Some people may try to hand you a straightforward answer: students just should not want to do it all. Students should realize, they say, that it is impossible to study the required amount of hours a week – which is 40 hours, as you may know, and manage to gather enough points to have a bachelor within three years. All this while holding a part-time job so you can live on your own, preferably something that helps you build your resume for future use and if that is not possible both a job and an extra curricular activity aimed at the future career. We should not forget that a social life outside of it is important as well, probably involving study or student associations, sport clubs and/or just a circle of friends outside of that – they promised you this would be the best time of your life – and besides that, have enough time to relax every once in a while. Just summing it all up makes me want to crawl into a nice pillow fort with a dozen of books, television series and food and preferably never come out to face my responsibilities ever again. Oh, and hopefully those are your only activities, and you do not have any hobbies, a need to sleep at least 6 of the recommended 8 hours a night and a natural inclination to become an adult (which comes with enough problems on its own).

In order to minimize the stress, students are advised to stop doing, or at least cut back on doing some of these things. Naturally not on studying – heaven knows where you end up if you do not study at least 40 hours a week! Under a bridge, probably, trying to find out which of the needles lying on the ground next to you is the cleanest. And even when cutting back on the hours – which, at least 80% of the students is doing already, 168 hours a week is not enough to keep doing the things you have to do to ensure a future career, especially when your field of choice is not economics, medicine, science or law, and to get a degree in time to evade a crippling debt. If you need a bit longer than three years you probably end up under that aforementioned bridge accompanied by those needles of debatable cleanliness as your debt in combination with the shrinking labour market and the fact that you decided not to do that one internship because you could not handle more debt and stress means that you’re basically done with.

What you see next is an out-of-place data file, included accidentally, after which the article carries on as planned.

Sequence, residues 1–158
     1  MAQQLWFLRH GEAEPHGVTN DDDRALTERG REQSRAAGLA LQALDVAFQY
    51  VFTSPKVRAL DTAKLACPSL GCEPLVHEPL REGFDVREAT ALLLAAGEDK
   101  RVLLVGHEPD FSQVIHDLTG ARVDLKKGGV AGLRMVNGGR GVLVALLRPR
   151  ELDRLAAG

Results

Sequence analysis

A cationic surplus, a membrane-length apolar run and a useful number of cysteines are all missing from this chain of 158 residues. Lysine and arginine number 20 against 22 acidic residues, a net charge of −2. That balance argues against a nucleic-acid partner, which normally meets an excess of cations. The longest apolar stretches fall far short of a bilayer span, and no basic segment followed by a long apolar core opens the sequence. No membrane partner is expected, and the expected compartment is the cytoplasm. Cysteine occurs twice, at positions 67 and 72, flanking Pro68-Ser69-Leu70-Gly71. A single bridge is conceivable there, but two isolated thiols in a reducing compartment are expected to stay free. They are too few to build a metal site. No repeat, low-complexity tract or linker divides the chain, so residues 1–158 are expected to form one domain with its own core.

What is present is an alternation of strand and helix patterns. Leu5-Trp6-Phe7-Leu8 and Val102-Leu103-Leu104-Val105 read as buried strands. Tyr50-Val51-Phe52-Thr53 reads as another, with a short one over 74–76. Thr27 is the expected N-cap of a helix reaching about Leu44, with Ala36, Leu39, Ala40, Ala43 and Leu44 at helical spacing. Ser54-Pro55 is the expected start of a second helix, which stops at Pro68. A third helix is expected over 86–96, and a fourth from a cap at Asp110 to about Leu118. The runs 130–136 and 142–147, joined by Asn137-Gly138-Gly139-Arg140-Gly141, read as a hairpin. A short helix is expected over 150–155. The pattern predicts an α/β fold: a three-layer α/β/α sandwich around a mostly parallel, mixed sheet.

Furthermore, there are plenty of reasons not to stop on activities that are not your studies, job or internship. Relaxation, sleep and a social life are important for every person. You cannot order someone to just stop living for a couple of years and just to build a future.

Now, of course, every person has their own capacity of how much they can handle, and plenty students manage to do very well; everyone divides their priorities differently. Even if for some, or for many, this problem is caused by the way we have been raised to be very sensitive, the amount of students who do not completely manage is, well, mental. At some point, I hope to find figures about how our parents’ generation was doing mentally, although it is impossible exclude the current shrinking labour market and the time pressure caused by the financial situation from the equation.